Terminal Trouble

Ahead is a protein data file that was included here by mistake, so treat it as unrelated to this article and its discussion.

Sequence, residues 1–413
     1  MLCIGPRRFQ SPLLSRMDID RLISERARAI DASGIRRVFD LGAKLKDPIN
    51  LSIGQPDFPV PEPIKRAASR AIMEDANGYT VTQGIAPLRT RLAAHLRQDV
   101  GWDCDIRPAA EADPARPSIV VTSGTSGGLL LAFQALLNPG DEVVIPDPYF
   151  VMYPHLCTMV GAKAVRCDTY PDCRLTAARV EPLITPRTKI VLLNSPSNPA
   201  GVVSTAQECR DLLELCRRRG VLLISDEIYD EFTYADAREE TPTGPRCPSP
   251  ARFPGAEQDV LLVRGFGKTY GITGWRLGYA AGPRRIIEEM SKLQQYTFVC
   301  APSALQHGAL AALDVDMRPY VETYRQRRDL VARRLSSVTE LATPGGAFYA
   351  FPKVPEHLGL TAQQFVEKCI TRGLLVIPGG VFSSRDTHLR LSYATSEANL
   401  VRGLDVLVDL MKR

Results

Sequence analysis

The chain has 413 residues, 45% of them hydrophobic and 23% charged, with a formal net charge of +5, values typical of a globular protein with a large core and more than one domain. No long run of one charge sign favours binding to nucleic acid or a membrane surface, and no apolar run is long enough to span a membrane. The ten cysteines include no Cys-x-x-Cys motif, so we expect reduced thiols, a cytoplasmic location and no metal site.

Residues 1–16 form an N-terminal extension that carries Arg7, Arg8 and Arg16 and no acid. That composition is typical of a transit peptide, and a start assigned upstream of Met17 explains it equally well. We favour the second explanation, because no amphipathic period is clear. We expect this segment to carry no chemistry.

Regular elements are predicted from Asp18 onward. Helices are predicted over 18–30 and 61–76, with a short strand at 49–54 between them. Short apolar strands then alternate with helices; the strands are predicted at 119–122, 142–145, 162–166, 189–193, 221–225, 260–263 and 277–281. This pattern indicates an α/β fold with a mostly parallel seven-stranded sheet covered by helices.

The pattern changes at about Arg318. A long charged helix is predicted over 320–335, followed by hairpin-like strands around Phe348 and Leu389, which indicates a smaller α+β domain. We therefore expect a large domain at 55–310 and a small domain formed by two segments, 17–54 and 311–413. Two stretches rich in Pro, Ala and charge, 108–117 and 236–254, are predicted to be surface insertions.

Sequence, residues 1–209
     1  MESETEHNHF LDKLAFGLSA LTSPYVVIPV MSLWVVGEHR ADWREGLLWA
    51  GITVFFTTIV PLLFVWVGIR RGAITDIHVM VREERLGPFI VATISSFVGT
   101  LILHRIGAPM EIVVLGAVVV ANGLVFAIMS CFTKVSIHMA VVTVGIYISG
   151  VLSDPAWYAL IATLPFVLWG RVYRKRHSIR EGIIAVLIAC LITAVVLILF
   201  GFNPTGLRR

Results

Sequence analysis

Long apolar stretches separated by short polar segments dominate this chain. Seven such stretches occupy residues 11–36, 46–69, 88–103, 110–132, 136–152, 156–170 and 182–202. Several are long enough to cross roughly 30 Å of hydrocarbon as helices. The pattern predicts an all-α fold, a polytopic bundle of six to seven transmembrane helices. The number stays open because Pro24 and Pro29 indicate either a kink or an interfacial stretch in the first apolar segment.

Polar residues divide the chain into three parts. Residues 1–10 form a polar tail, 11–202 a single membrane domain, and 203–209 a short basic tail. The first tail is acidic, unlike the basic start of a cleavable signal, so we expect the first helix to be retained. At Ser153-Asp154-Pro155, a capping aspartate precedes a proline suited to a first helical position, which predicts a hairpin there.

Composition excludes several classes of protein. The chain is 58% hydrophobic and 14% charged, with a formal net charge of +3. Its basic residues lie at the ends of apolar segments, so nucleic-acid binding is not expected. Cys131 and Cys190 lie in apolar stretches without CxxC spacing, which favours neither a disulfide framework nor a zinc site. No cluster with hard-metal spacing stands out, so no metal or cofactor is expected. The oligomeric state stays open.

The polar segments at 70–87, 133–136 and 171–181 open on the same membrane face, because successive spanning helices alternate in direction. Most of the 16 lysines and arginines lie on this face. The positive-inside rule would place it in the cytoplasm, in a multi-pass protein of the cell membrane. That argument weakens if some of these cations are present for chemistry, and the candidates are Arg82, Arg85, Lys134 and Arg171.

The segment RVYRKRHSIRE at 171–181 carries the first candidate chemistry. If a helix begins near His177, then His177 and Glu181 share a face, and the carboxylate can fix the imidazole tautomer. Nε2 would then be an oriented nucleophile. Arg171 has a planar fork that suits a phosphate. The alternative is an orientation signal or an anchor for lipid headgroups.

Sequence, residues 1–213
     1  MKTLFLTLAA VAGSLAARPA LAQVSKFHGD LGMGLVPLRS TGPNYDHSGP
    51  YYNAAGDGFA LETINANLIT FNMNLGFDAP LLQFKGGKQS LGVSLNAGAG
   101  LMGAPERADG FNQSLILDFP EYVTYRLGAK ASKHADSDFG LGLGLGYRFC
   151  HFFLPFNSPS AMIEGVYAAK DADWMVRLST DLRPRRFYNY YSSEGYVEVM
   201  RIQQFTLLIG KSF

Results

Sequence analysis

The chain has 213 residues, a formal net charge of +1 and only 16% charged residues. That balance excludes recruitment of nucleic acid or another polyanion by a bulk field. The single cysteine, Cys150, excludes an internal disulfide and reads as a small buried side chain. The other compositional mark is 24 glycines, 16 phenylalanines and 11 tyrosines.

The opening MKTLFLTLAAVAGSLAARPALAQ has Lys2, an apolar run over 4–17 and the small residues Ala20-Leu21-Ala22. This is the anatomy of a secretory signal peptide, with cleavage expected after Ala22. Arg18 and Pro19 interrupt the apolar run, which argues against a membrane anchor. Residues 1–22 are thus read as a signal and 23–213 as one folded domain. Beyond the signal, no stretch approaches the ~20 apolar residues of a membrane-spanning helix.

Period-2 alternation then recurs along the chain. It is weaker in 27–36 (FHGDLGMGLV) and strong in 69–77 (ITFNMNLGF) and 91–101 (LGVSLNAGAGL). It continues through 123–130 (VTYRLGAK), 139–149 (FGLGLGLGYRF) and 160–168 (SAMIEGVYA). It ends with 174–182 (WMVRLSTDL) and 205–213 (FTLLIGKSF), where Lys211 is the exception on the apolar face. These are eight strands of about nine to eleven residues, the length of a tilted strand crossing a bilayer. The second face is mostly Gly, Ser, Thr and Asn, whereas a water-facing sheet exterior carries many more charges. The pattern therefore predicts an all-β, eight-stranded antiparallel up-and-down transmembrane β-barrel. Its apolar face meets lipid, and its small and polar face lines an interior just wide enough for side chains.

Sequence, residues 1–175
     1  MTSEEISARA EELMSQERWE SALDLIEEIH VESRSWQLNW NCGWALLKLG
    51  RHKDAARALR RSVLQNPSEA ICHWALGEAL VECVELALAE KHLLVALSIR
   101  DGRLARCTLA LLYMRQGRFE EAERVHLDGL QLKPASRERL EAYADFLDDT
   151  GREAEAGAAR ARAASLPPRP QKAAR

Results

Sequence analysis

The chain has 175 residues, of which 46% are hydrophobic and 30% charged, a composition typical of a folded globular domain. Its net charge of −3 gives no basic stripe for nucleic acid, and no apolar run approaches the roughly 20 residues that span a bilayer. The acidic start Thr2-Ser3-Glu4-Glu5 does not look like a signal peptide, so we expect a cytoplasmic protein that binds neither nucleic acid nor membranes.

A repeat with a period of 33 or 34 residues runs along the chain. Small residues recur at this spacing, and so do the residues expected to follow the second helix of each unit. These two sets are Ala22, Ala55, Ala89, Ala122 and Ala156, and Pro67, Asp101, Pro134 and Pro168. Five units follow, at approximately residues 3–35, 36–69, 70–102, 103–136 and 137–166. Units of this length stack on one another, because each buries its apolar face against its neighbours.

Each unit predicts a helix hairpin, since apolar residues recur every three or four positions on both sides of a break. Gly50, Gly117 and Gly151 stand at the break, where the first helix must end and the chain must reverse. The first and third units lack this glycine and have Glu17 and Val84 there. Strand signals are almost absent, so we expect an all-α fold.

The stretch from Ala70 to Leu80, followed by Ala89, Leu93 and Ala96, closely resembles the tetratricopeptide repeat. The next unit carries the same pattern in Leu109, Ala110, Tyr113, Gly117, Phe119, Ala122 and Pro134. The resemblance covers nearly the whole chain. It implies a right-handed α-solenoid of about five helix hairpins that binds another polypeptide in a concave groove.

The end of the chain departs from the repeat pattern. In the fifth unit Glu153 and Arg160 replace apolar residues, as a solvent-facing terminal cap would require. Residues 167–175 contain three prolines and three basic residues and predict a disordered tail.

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Talk about a crash landing. In what was to be a powerful PR blitz, British Airways has postponed its upcoming ad campaign for London Heathrow Airport's Terminal 5. Using television, newspaper and the Internet, the Bartle Bogle Hegarty-produced campaign was to showcase the new terminal. However, the $8.7 billion facility has suffered alarming setbacks since its March 27 debut. Hundreds of flight cancellations have occurred due to computer malfunctions within the terminal's innovative, 11-mile-long baggage conveyor system. Twenty-eight thousand bags have now been separated from their owners, almost doubling original estimates by the airline. Escalator, elevator and paid-parking-ticket-issuing machine breakdowns have also plagued the terminal. "Our priority is to resolve these problems and deliver the level of service our customers expect from us," Alan Proud, a British Airways spokesman said. Sixty-eight million travelers pass through Heathrow annually, which has a 45 million capacity, attesting to the airport's reputation as being dirty and congested. British Airways competitors American Airlines, BMI, Delta Air Lines and Virgin Atlantic have experienced significant spikes in reservations since the T5 problems. The multimedia campaign will be suspended until later this year. Proud added, "We are confident that it is the right campaign and will be as successful then as we thought it would be now."
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